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Food is something that brings people together and connects them. I was watching this Western Union video and it really got me reminiscing for our time in Uruguay. In the video, Western Union surprises some of their customers with a favorite meal from their home culture from their families.
Many of Western Union’s customers are here in the US from another country working to make a better life for themselves and their family. They use the Western Union service to send money back to family in their home countries. Even though they’re living her in the US, most of these people deeply miss their home country and culture, so this surprise was a way of giving back to their customers, who they see as quiet heroes.
When we spent a year in Uruguay, we experienced a lot of the same sentiments. Food was a huge part of our daily lives. We were between two cultures. We wanted to immerse ourselves in the Uruguayan culture, but we also missed some of our favorite things from the US.
We quickly became known as foodies in the Expat community. Not only did we write a lot about our experiences at restaurants on our blog, but we actually wrote a cookbook for Expats. The cookbook was full of recipes for items we were used to having in the US, but couldn’t find in Uruguay. Simple things like sour cream and ranch dressing were difficult to find, so we made our own. It was also hard to find good Mexican food or Chinese food, so we started making it ourselves.
It’s amazing how much you miss certain things when you leave your culture behind and immerse yourself in another culture. While we were in Uruguay, we grew to love Uruguayan food. Food grilled over wood on parrillas was a way of life. All of the food from the Uruguayan culture is very simple, but very good. And the grassfed beef was amazing (and cheap too).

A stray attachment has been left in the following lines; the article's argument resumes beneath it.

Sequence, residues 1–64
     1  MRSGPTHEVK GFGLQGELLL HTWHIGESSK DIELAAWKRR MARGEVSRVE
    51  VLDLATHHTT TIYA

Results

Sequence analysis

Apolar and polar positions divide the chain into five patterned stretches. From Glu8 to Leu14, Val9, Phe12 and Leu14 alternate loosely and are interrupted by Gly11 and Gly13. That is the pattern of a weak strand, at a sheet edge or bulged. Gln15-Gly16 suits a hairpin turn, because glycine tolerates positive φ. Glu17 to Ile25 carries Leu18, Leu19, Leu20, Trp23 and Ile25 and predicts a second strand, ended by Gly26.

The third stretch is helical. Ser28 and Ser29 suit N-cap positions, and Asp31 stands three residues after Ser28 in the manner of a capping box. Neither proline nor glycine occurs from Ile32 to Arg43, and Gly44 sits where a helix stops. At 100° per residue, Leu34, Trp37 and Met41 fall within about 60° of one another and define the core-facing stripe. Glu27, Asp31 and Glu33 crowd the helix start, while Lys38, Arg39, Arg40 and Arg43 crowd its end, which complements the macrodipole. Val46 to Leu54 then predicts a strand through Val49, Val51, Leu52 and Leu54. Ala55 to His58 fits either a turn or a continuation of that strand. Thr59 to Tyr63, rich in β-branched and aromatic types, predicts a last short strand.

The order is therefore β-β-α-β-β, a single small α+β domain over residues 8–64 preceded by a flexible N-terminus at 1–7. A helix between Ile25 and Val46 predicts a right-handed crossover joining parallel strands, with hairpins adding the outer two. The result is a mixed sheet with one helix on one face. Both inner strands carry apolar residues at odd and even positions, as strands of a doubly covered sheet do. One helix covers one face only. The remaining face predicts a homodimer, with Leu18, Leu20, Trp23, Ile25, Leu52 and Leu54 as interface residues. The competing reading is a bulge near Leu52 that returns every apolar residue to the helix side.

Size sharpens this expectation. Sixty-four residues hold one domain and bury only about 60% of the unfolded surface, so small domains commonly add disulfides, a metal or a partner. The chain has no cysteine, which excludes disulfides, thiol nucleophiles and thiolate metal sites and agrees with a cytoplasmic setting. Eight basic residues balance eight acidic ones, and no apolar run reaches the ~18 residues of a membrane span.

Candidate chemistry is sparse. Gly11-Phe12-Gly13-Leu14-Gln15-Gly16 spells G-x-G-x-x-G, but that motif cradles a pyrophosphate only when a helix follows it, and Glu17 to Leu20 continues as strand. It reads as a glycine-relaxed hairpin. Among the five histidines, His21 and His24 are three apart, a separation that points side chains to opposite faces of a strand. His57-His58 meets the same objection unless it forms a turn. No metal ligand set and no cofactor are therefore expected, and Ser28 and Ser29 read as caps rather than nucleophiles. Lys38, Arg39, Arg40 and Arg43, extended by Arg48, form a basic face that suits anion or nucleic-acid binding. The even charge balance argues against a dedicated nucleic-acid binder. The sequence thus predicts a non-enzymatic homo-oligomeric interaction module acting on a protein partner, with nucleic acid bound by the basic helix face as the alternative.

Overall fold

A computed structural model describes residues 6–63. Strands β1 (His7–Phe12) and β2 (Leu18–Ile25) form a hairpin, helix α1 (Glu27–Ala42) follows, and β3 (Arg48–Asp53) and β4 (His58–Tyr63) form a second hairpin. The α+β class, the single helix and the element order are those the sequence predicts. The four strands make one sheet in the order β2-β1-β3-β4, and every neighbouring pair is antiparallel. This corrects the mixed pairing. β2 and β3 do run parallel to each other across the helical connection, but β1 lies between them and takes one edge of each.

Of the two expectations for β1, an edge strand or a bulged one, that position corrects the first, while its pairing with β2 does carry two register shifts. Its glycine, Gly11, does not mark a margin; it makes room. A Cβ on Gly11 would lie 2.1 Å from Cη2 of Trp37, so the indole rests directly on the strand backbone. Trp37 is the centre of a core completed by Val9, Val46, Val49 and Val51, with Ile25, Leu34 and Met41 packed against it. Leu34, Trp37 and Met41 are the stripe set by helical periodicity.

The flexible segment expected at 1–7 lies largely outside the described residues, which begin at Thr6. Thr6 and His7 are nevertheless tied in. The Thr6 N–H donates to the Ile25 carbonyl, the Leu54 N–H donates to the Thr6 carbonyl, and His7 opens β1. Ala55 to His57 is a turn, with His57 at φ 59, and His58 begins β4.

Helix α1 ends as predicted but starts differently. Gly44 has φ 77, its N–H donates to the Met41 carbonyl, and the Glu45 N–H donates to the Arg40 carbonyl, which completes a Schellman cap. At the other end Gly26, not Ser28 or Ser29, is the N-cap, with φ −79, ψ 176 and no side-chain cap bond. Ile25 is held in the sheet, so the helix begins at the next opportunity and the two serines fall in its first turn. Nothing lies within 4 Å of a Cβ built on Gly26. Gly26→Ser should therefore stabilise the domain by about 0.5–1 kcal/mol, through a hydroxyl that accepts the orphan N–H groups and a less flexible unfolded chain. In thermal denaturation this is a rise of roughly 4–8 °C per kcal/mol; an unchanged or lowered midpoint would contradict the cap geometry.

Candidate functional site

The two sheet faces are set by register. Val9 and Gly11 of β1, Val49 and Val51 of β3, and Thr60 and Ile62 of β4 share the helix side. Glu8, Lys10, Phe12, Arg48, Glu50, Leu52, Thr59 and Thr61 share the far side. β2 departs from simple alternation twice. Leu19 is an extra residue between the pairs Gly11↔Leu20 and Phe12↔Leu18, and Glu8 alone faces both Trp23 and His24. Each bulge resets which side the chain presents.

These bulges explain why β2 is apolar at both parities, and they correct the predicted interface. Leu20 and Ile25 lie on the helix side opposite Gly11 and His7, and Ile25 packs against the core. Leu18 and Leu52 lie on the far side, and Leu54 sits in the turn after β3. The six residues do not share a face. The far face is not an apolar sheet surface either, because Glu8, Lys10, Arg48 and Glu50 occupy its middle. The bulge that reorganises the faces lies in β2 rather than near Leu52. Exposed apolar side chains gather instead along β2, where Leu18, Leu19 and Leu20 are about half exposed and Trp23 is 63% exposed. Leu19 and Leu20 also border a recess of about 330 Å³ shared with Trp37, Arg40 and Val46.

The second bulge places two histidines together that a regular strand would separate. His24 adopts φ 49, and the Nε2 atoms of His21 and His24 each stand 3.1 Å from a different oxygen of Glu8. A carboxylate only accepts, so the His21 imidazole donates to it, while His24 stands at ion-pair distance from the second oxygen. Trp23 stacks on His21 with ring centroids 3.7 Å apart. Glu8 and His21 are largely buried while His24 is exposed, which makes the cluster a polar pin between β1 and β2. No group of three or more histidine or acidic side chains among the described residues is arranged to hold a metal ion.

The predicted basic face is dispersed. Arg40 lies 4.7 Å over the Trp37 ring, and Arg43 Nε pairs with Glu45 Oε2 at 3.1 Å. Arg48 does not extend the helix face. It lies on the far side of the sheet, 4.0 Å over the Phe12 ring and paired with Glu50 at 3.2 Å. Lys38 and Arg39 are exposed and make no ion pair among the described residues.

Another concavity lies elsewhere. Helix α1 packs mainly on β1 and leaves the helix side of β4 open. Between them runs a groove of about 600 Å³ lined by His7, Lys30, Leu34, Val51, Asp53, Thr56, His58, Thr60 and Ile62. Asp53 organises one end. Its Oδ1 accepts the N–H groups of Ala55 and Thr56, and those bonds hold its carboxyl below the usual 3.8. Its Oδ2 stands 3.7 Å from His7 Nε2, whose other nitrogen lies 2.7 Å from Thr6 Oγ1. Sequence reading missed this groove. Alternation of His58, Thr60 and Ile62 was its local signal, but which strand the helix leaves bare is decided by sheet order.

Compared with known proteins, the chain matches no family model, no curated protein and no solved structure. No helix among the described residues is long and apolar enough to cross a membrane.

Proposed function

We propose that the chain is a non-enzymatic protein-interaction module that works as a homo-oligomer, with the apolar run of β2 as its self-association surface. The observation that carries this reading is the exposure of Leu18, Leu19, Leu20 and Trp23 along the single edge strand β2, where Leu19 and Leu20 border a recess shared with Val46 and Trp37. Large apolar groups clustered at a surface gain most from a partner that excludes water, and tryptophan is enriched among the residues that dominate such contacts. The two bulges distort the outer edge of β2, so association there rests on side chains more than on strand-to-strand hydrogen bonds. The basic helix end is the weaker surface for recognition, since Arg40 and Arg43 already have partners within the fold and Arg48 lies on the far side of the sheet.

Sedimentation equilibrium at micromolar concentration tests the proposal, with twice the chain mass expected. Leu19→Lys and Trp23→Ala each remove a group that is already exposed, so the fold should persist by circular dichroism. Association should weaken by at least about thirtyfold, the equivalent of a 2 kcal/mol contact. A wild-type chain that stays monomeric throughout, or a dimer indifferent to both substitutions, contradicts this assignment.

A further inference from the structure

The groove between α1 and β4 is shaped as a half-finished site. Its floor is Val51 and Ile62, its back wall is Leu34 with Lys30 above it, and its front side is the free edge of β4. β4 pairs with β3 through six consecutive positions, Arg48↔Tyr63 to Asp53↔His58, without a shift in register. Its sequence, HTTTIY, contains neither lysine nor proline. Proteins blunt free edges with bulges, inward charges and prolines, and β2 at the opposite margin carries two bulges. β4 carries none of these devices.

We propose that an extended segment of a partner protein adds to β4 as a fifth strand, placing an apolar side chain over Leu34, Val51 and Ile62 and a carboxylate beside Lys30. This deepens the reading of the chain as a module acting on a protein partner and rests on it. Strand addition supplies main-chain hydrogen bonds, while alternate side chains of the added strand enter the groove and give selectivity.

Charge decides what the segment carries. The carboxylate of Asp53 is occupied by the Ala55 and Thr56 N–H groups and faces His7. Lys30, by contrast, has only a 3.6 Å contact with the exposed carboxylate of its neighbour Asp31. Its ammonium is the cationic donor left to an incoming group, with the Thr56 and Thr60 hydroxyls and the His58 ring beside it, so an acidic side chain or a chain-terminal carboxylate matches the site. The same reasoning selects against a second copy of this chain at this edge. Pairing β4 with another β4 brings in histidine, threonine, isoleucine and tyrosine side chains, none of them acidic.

Our younger daughter Kaylee, was born in Uruguay, so we want to keep part of that culture in our family. When she’s older, I’d love to take her back and show her where she spent the first 4 months of her life.
After watching that video, I decided to make one of our favorite appetizers, beef brochettes, from the restaurant we frequented most often, Rocco Resto. While I definitely cannot replicate the delicious meat grilled on a parrilla, the chimichurri sauce brought me back to our time in Uruguay, and it gave the girls a little taste of the culture too.
Chimichurri Sauce Recipe
- 2 cups flat-leaf parsley, minced
- 1/4 cup fresh oregano leaves, minced
- 10 cloves garlic, peeled and finely minced
- 2 tablespoons organic onion, minced
- 2 teaspoons red pepper flakes
- 1 cup extra virgin olive oil
- 2 tablespoons red wine vinegar
- Finely mince all of the ingredients and place them in a bowl.
- Mix in the olive oil and red wine vinegar, then transfer to a pint sized mason jar in the refrigerator.
- Allow the flavors to meld for at least a few hours before serving alongside your favorite grilled or roasted meat.
- Chimichurri sauce can also be used as a marinade. It’s a simple, delicious and versatile sauce.
Have you ever spent an extended amount of time away from home? How did food play a role in your time in another culture?
I was selected for this opportunity as a member of Clever Girls and the content and opinions expressed here are all my own.